Today was our first trip on the Japanese fast Shinkansen trains travelling from Tokyo to Hiroshima. Yesterday we booked tickets on the trains we needed while passing through Tokyo Station. Today we checked out of our Shinjuku hotel and, as it was pouring with rain, headed for the first time into the Higashi-Shinjuku subway station that is literally right under our hotel. Unfortunately this station is convoluted and getting to Shinjuku station from here involved just as much walking as the above ground route but with added escalators, lifts and confusion. I’m pretty sure it would have been significantly quicker above ground but at least we stayed dry. From Shinjuku Station we took the Yamanote Line round to Tokyo station to get on our Shinkansen.
Finding the Shinkansen platforms at Tokyo station was very easy but we couldn’t see any signs for our train. We had to ask the nice ladies at the information desk and found that the platform was hiding round the corner. Although we got the the platform with 30 minutes to spare, the train turned up not long after we did. However we weren’t able to get on straight away as an army of cleaning staff appeared and swept through the train. We eventually got on with less than 5 minutes to stow our luggage and find our seats. The train is packed so we had to put our large and very heavy bags in the overhead racks which at least are much bigger than on UK trains!
Riding the Shinkansen was disappointingly similar to riding a fast intercity train back home. Admittedly it would have to be one of our nicest and newest intercity trains. Somehow I was hoping for something more exotic and exciting. There are some interesting views from the train but a lot of the time we are behind fences or walls as the tracks run very close to houses.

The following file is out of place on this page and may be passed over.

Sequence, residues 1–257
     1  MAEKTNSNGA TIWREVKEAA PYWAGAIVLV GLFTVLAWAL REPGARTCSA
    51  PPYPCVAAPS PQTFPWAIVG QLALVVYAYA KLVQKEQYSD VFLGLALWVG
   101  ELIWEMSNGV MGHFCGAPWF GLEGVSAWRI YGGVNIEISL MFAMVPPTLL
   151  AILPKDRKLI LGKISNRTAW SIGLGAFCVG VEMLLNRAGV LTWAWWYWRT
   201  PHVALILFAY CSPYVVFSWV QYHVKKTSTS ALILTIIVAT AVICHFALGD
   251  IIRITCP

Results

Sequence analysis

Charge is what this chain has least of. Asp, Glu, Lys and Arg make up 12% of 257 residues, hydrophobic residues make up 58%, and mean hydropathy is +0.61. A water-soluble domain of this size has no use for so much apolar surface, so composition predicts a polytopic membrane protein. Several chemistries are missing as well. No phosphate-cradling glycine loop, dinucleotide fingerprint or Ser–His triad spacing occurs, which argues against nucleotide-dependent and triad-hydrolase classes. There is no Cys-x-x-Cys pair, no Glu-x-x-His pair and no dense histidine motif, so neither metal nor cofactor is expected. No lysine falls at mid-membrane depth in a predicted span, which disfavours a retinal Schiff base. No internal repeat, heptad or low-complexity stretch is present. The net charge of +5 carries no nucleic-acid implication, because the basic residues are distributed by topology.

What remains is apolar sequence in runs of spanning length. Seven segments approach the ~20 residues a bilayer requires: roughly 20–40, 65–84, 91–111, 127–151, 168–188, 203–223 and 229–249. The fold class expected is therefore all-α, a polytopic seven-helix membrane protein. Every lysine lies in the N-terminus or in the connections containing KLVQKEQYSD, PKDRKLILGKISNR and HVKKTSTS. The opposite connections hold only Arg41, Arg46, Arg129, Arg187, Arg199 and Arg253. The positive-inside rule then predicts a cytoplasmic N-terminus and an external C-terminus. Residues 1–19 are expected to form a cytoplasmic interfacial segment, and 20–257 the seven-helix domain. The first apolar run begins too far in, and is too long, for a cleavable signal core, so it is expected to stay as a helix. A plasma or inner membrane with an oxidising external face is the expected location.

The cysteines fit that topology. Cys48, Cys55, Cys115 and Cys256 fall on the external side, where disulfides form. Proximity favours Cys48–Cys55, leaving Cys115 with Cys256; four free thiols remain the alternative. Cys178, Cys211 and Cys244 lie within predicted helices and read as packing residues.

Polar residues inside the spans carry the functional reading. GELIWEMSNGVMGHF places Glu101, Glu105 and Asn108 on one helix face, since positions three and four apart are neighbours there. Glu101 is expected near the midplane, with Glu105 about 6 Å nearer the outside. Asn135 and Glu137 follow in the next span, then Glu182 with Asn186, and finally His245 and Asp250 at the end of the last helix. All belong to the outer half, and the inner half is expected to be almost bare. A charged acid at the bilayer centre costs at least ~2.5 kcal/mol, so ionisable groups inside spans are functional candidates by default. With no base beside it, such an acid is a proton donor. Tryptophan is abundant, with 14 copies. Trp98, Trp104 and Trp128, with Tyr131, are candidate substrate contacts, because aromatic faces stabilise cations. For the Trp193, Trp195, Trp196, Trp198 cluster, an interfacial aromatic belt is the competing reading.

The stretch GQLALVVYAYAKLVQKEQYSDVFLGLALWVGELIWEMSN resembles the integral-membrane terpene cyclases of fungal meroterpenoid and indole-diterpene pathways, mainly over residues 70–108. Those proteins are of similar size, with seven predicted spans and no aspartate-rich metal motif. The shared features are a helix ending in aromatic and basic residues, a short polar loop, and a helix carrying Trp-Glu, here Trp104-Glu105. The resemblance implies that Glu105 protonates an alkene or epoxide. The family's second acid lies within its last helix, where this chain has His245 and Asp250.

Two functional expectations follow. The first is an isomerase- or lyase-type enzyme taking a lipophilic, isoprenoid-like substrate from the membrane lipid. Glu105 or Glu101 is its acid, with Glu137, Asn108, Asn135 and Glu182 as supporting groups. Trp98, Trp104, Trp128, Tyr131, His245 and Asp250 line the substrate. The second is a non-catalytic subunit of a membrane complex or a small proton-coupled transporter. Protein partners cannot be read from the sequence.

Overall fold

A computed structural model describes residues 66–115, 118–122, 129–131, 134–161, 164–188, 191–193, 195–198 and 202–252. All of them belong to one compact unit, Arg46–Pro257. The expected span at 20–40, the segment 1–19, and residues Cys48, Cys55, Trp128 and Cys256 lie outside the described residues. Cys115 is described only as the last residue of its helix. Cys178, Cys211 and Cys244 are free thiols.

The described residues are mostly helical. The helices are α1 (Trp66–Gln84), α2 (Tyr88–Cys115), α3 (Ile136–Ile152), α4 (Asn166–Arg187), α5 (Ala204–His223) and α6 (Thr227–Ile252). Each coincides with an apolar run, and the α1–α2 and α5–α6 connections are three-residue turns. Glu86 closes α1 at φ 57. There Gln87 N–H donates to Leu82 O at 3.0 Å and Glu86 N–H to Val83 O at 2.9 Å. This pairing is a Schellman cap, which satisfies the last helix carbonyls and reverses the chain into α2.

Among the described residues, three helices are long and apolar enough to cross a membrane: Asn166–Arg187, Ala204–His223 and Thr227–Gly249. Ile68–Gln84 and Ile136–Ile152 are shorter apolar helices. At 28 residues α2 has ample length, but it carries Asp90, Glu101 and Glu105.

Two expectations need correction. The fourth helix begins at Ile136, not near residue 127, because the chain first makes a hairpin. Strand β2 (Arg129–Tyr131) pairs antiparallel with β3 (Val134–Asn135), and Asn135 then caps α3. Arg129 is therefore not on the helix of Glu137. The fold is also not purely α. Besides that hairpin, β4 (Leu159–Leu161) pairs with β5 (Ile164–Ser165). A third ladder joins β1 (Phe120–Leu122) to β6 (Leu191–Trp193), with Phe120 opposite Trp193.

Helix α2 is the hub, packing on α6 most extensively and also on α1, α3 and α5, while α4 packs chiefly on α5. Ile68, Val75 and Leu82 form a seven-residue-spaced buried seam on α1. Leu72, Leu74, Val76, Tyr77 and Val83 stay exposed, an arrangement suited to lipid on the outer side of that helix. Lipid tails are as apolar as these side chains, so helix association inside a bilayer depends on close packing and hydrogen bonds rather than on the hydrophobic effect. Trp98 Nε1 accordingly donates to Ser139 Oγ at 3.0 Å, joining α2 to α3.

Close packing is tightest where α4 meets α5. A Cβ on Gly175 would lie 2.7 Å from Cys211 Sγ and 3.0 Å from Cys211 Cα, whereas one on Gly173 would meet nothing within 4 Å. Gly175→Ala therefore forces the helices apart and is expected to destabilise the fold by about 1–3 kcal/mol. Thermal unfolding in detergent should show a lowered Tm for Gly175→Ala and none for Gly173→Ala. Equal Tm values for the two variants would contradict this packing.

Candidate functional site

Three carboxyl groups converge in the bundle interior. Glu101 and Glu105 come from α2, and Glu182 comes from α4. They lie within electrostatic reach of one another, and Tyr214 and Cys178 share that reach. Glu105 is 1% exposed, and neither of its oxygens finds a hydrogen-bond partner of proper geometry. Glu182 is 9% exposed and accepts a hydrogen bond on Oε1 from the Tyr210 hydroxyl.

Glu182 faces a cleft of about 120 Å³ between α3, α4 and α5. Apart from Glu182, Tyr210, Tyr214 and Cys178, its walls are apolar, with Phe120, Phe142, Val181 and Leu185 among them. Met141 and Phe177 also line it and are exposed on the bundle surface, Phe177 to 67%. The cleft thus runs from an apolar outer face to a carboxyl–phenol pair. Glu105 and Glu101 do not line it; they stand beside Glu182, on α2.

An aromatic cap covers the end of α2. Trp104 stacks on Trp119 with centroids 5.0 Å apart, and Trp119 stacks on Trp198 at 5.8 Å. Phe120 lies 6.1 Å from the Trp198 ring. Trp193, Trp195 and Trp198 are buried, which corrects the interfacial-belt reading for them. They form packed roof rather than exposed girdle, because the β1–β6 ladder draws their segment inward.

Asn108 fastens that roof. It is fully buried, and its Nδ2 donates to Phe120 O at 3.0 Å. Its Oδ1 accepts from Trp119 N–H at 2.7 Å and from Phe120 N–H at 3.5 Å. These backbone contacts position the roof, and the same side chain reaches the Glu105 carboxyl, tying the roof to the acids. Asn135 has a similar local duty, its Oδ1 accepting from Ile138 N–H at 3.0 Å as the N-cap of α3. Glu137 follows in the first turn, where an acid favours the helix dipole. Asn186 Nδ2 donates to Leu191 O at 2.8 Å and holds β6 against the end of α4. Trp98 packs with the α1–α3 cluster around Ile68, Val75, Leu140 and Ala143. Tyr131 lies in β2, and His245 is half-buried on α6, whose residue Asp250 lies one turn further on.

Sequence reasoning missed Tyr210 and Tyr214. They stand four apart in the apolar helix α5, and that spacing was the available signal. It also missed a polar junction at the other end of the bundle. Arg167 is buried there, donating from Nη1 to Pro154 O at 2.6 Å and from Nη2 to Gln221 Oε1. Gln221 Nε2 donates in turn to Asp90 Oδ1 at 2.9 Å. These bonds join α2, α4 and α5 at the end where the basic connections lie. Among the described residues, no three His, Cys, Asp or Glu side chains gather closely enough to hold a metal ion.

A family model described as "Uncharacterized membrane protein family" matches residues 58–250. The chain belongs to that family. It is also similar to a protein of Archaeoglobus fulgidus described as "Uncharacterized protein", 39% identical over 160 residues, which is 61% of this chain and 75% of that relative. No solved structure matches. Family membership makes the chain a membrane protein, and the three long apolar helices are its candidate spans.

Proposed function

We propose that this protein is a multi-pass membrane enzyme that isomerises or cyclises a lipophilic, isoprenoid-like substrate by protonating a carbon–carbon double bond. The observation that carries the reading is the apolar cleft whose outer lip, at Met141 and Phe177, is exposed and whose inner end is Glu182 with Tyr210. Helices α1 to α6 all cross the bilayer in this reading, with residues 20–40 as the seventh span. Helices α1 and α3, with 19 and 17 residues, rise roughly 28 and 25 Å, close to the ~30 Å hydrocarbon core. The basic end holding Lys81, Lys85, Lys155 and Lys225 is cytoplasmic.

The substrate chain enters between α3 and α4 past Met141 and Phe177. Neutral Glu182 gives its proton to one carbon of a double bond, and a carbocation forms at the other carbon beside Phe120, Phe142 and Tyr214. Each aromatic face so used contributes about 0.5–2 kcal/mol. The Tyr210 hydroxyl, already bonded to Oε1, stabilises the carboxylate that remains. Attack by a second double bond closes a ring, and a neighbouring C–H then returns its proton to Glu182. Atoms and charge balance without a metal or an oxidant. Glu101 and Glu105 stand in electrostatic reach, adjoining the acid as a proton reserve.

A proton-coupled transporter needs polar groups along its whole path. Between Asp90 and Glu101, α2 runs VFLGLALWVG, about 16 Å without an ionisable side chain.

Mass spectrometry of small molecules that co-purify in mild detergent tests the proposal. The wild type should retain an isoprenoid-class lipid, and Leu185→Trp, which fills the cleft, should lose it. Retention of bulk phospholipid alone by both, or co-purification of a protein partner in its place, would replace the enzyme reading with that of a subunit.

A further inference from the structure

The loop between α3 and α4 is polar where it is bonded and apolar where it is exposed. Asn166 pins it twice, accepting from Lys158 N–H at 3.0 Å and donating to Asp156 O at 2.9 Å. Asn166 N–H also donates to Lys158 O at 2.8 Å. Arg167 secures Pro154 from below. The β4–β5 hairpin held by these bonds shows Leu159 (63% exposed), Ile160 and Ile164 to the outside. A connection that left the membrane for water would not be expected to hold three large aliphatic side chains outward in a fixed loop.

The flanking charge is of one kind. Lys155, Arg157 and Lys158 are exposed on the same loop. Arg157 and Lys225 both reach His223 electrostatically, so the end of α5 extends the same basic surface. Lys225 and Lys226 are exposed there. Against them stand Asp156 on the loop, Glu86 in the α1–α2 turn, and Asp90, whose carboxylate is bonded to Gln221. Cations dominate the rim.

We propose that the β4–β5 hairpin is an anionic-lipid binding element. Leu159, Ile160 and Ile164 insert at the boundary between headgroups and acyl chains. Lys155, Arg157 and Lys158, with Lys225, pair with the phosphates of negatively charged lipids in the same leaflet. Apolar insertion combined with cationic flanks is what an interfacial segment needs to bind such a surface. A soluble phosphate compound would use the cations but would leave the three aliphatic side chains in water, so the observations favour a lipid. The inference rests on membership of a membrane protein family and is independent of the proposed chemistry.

After eating lunch on the train, we arrived at Shin-Osaka station to make our connection to Hiroshima. I remember Shin-Osaka station as a madcap dash through a convoluted series of passageways searching for the correct platform. In the end we arrived in plenty of time. In time in fact for the earlier train but it was a Nozomi train which we are not allowed to use with our JR pass so we had to wait for the next one.
While waiting for the next train we noticed that these platforms are not very well designed. On the platforms at Shin-Osaka, queues form for the various carriages parallel to the tracks between lines painted on the platform. People choosing which of the many queues to join throng behind these queues. Then a train arrives and the passengers have to get off into the space between the trains and the queues waiting to take their places on the train. The exiting passengers swarm in the gap next to the train searching for a way through the lines and the platform exit. Almost all of the people have luggage of some kind that they have to try to force through the press. Added to this there are massive pillars holding up the roof that block the way and kiosk shops in the middle of the platforms that take up space that could otherwise relieve the pressure. You can see why many of the platforms have continuous barriers to stop people falling onto the tracks. The same is true for the majority of major platforms we visited.
Many of the other aspects of the stations are very well organised and signposted. There are signs that tell you which set of stairs to go up to get to which carriages. There are signs on the platforms that tell you where to stand for which carriages and what kind of carriage it will be (Green (first class)/women only/smoking/reserved seats/unreserved) depending on which train is due next. When you are in the train, displays on board tell you about the station you are arriving at and show you where the lifts, escalators, stairs, toilets etc are. If they could apply some of this organisation to the embarking/debarking issues then travelling by train would be almost perfect.